The partnership, whose mission is to promote the health of pollinators, critical to food and ecosystems, through conservation, education, and research, has earlier pointed to possible pesticides contamination of near-by healthy plants relied on by pollinating insects.

Harris’ portion of the research was conducted in Buena Vista, Cherokee and O’Brien counties in northwest Iowa with six cooperators. The producers and experimental site owners – four private landowners and ISU’s Allee Memorial Demonstration Farm, in Newell, and Northwest Research Farm, in Sutherland, cooperated with the project allowing the positioning of bee hives next to their corn fields to allow monitoring of the hives and near-by floral resources throughout the growing season.

Commenting on what she observed during her studies she described the picture this way.

“State of the art planters use air pressure and powder lubricants to plant individual seeds,” said, Harris an instructor in natural resource ecology and management. “During planting, some of the treated coating on the seeds rubs off, mixes with the lubricant and is exhausted.

“It’s a dusty process, and that’s what spreads the pesticide,” she said in the release.

“The study doesn’t prove that neonicotinoids (insecticides commonly used to coat seed corn) are responsible for the widespread collapse of bee colonies in Corn Belt states,” Harris said. “But it does show that pollinating insects are being exposed to pesticides inadvertently.

“We have to consider what sort of impact that exposure could be having on them.”

She said her own concerns focus on the “non-target” effects of neonicotinoid seed treatment on insects that are not plant pests.

“I am a proponent and practitioner of IPM, or Integrated Pest Management, in which scouting for pests and determining if pest numbers warrant a treatment or not is a regular part of operations,” she said. “By using any insecticide only when necessary you help maintain that insecticide’s efficacy for when it is needed for control of a specific pest.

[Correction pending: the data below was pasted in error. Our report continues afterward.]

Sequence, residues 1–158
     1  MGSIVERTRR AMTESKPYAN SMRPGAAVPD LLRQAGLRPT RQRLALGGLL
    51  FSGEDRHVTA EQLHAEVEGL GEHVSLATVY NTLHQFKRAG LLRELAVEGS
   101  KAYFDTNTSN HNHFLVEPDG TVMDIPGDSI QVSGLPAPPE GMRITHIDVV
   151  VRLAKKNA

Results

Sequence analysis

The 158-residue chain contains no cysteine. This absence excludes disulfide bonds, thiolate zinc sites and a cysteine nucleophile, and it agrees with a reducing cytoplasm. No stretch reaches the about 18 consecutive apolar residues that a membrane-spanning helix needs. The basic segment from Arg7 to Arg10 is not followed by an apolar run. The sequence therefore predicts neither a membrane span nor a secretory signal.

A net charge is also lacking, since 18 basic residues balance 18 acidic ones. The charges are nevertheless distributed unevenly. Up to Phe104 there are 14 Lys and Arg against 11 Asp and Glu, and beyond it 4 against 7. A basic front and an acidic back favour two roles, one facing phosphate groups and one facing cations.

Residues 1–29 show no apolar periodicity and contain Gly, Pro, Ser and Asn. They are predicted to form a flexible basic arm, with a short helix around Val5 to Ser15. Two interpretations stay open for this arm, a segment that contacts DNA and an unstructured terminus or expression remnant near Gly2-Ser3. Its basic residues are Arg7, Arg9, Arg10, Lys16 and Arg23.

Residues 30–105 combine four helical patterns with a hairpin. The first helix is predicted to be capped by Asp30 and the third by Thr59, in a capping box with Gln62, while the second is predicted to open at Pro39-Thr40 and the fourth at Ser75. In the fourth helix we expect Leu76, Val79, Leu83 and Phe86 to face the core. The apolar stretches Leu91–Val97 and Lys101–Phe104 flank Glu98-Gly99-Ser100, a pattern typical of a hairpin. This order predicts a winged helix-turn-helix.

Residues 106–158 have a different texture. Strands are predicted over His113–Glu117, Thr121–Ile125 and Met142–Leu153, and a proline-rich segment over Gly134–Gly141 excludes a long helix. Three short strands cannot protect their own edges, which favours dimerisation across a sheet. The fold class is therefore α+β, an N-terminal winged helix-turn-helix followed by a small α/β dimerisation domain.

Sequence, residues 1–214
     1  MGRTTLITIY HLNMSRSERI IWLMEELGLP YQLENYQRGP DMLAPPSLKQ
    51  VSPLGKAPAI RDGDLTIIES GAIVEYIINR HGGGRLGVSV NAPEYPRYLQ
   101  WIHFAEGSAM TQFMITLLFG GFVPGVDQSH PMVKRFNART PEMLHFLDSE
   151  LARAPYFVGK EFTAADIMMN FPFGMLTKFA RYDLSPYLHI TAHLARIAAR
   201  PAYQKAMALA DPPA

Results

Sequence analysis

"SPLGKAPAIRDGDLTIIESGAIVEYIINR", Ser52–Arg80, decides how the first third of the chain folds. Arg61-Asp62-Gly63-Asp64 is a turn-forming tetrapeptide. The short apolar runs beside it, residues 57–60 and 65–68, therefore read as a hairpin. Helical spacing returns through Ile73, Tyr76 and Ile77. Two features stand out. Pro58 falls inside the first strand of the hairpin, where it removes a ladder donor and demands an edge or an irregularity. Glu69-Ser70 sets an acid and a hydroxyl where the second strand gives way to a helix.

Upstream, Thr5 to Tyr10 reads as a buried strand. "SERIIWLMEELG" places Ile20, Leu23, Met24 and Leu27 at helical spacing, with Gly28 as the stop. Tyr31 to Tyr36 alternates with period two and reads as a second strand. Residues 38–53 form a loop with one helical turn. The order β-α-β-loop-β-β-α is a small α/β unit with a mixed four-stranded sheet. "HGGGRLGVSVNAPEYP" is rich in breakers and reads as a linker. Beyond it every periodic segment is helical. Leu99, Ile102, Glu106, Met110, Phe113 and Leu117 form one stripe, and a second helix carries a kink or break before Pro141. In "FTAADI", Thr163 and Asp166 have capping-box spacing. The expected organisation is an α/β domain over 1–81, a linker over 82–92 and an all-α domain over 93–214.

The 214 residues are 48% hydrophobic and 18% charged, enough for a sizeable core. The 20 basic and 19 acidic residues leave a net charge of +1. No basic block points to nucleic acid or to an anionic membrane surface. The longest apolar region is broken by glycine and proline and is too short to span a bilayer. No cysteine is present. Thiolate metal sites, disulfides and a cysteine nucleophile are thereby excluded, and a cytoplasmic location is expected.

“Past experience with the development of resistance to other insecticides has demonstrated what a slippery slope it is to use insecticides prophylactically, “Harris said. “Growers need to plant untreated seed if the pest problem is determined not to exist.

“To do this, growers need to demand their seed suppliers offer untreated seed.”

She further advised growers that if they do need to plant treated seed, they should buy the lower dose treatment and follow all label requirements for reducing the production of dust.

In Sioux City, meanwhile, Leonard Kurtz, a 48-year beekeeper and now retired SueBee Honey employee, terms the dwindling bee numbers resulting from “a tug of war” between chemical companies, food suppliers and producers.

“As the world population continues to grow,” Kurtz said, “the chemical and fertilizer companies and farmers are teaming up for food production efficiency and to maximize the production of every acre.

“In the process, chemicals are being used to control insects and are getting into our food supply. This has had a negative effect and become a burden for the honeybee.”

Nearly $3 million in technical assistance will be provided to farmers and ranchers looking to improve bee health, the USDA Natural Resource Conservation Service announced Tuesday.

The funding is a focused investment to improve pollinator health and will be targeted in five Midwestern states: Michigan, Minnesota, North Dakota, South Dakota and Wisconsin.

Bee health has been under scrutiny recently by the USDA and others looking for answers to an ongoing decline in populations. Bees assist agriculture naturally through crop pollination.